There certainly are possibilities to cluster markets that display a similar context for strategic purposes. However, the execution of said strategy will most likely vary due to the specificities of each market.
In terms of supporting our pharmaceutical portfolio consumer communication also plays a key role however not limited only to that – here exchanging with key opinion leaders and pharmaceutical professionals is also very important. Moreover, the development of pharmaceutical products is much more complex. In this category we need to adopt an even longer-term view as brining products to market takes years. Thus, we need to build on different capabilities: our pharmaceutical product portfolio in general as well as local market capabilities in particular.
Where does your region stand within the global operations of Reckitt Benckiser?
CEE is a medium sized region. From a supply point of view it is quite complex and from a portfolio point of view it is a clustered country operation. While we do not contribute a significant amount in terms of revenue to the global group, our growth potential is much higher than large countries.
Central and Eastern Europe is now gaining the momentum, which means that we should have exciting times ahead of us. Considering the past three years, the overall retail consumption as well as the GDP is growing faster. In addition, the forecast of GDP growth is promising. The region plays a significant role in terms of global growth and potential for the future.
What role does the Czech Republic play within your region?
Czech Republic, Slovakia and Hungary are playing a very significant role in the regional operations, primarily because of market size, market share, market dynamics and the significant growth potential these countries are holding. Every market brings different values to the P&L: Slovakia and Hungary are growth markets while Czech Republic showcases profitability combined with growth opportunities. Both the pharmaceutical business and the non-pharmaceutical business in the Czech market have a tremendous potential. Despite similar buying power to Hungary, the pharmaceutical business takes much bigger share in Hungary than the Czech market. Furthermore, Czech Republic is becoming a very interesting market for pharmaceutical companies because consumers can have free access of OTC products in more and more pharmacies. While every country in my region has its own strengths, the main aspect I value is business growth in a profitable way is on the rise.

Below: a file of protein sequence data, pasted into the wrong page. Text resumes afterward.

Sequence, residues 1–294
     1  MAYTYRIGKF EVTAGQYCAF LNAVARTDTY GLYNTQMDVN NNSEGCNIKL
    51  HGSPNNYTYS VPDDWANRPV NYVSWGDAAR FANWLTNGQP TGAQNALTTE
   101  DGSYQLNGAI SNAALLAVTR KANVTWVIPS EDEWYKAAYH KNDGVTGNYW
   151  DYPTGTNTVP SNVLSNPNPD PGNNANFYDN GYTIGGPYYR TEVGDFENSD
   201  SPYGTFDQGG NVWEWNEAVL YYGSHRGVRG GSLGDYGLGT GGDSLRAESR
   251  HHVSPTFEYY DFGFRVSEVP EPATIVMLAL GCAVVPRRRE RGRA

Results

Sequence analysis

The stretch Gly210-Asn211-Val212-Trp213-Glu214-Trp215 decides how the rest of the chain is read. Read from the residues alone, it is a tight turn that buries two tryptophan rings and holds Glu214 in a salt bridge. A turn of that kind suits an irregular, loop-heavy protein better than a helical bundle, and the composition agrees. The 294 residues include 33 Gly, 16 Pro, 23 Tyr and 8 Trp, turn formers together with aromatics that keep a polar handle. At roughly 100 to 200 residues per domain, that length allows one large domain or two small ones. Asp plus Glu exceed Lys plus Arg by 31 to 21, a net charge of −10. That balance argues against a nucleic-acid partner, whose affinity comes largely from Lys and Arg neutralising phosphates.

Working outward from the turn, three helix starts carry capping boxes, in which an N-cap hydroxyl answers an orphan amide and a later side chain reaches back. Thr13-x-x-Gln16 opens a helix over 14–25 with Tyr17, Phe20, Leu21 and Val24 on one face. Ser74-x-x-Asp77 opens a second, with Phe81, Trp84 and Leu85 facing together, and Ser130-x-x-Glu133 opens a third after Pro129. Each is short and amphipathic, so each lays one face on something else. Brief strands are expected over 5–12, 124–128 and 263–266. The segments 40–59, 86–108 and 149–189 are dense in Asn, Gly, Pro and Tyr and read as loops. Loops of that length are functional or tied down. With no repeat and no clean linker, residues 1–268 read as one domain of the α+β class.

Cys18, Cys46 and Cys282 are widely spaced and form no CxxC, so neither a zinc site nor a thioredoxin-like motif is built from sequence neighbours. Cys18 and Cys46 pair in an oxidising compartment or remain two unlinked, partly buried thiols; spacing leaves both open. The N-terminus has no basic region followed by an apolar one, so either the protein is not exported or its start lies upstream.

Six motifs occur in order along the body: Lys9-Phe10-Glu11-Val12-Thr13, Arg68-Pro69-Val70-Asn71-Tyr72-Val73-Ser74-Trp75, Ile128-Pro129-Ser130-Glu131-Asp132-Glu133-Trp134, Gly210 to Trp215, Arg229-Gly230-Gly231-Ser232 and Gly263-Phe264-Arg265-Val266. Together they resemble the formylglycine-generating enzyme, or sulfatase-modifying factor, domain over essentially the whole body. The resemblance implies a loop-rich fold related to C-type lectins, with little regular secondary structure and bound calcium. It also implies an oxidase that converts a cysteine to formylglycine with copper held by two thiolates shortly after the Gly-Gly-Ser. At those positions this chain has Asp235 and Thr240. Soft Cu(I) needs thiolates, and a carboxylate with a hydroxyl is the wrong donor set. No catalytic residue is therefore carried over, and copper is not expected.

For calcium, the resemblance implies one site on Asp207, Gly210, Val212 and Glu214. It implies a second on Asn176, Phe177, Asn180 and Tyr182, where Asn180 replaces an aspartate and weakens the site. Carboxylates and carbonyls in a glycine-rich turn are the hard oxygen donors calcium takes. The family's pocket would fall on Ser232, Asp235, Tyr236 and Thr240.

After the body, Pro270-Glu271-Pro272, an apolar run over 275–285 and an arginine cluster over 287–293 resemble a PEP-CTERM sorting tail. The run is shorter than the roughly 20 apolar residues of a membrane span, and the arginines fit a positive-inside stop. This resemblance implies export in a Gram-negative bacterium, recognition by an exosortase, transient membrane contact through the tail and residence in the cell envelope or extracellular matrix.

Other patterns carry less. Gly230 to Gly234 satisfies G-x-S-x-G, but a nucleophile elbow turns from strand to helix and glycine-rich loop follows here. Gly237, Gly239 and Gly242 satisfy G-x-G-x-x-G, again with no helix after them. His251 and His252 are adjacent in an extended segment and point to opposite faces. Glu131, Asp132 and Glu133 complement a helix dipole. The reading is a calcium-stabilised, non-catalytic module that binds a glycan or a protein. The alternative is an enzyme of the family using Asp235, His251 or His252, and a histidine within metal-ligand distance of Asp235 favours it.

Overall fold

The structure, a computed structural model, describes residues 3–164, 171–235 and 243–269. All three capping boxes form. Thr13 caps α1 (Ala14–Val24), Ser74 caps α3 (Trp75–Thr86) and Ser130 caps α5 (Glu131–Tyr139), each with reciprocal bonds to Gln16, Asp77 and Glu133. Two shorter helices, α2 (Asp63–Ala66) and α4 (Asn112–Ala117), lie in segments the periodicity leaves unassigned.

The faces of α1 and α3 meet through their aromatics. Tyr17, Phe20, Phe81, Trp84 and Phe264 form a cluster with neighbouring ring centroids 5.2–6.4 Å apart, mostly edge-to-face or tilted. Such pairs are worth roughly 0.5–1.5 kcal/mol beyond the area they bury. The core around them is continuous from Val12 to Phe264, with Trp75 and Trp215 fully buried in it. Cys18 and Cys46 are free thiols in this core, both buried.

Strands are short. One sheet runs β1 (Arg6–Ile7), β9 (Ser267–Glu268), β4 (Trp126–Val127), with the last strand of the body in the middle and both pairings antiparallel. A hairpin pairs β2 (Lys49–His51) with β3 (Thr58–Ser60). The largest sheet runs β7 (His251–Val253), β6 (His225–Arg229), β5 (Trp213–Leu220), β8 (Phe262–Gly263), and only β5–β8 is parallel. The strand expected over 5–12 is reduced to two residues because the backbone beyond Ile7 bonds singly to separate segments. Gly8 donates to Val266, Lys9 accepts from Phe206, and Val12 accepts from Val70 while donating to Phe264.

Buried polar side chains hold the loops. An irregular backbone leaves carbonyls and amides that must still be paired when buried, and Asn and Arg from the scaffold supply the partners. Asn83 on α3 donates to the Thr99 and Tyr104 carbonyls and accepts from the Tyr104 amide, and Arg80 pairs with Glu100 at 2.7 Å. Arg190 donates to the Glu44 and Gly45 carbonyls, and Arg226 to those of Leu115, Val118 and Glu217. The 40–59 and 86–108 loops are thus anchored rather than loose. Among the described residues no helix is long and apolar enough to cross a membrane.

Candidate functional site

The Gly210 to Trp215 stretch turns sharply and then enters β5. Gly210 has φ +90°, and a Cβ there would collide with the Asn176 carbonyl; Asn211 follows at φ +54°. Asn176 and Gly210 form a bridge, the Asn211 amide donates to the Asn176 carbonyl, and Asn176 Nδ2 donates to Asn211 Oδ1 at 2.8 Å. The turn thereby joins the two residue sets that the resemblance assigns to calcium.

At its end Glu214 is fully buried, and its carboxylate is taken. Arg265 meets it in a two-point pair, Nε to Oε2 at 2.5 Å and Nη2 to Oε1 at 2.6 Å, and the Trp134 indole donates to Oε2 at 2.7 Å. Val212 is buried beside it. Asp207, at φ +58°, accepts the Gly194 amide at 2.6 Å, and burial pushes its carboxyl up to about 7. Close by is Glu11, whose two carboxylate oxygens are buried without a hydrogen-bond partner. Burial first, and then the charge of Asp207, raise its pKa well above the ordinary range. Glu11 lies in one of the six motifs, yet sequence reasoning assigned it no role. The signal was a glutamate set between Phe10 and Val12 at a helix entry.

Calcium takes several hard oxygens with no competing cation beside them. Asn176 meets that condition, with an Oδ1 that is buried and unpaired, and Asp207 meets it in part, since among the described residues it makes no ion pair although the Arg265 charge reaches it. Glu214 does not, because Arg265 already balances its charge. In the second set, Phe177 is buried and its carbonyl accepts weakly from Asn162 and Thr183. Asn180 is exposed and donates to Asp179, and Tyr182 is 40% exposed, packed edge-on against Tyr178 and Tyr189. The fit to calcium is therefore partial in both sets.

Reckitt Benckiser’s product portfolio is divided into consumer hygiene, consumer home and consumer health. How significant is the health portfolio segment for Reckitt Benckiser?
The health portfolio plays a very significant role from growth potential point of view. Our ambition for 2020 is to significantly over drive the growth and the weight of health and hygiene in our overall portfolio.
While some would define your healthcare segment products as OTC, your colleagues around the world have always emphasized for the consumer healthcare market to be placed within the FMCG segment. Can you explain the significance of this distinction given the brand-focused strategy of Reckitt Benckiser?
In Health OTC is key in Reckitt Benckiser’s portfolio but not limited only to it. For example, the Durex brand itself means people can avoid serious sexually transmitted diseases, which is directly related to health. However Durex also promotes sexual wellbeing hence it is marketed as such in retail chains as well as pharmacies. Sholl again is a good example as it is clearly a pharmaceutical product with aid products but it also caters to aspects of care and comfort.
Engaging and communicating with consumers around Health products including OTC is a key strength of Reckitt Benckiser and in markets like Czeck R. where OTC products now are becoming free select in more and more pharmacies consumer communication around innovative solutions is becoming a key driver of growth.
Given your prolonged career within Reckitt Benckiser, what is the next achievement you are striving for?
Reckitt Benckiser is great company that has really allowed me to grow professionally, giving me the opportunity to explore, learn and develop.
I am at the stage where being a general manager is fantastic because you can invest in people and create new business opportunities. Every day is different and no year has been like another in my 16 years with the company. In my current role I am mastering my tasks together with my colleagues – it is about being a generalist not an expert. Generalists will never get bored in a business that is constantly anticipating and responding to external conditions of the market.
It would be great to work amongst top 40 leaders and be part of the intellectual brain of Reckitt Benckiser however the focus is on Here and Now. We set our ambitions high and make the impossible possible. People who do this sustainably always face with new opportunities – mostly sooner than they expected.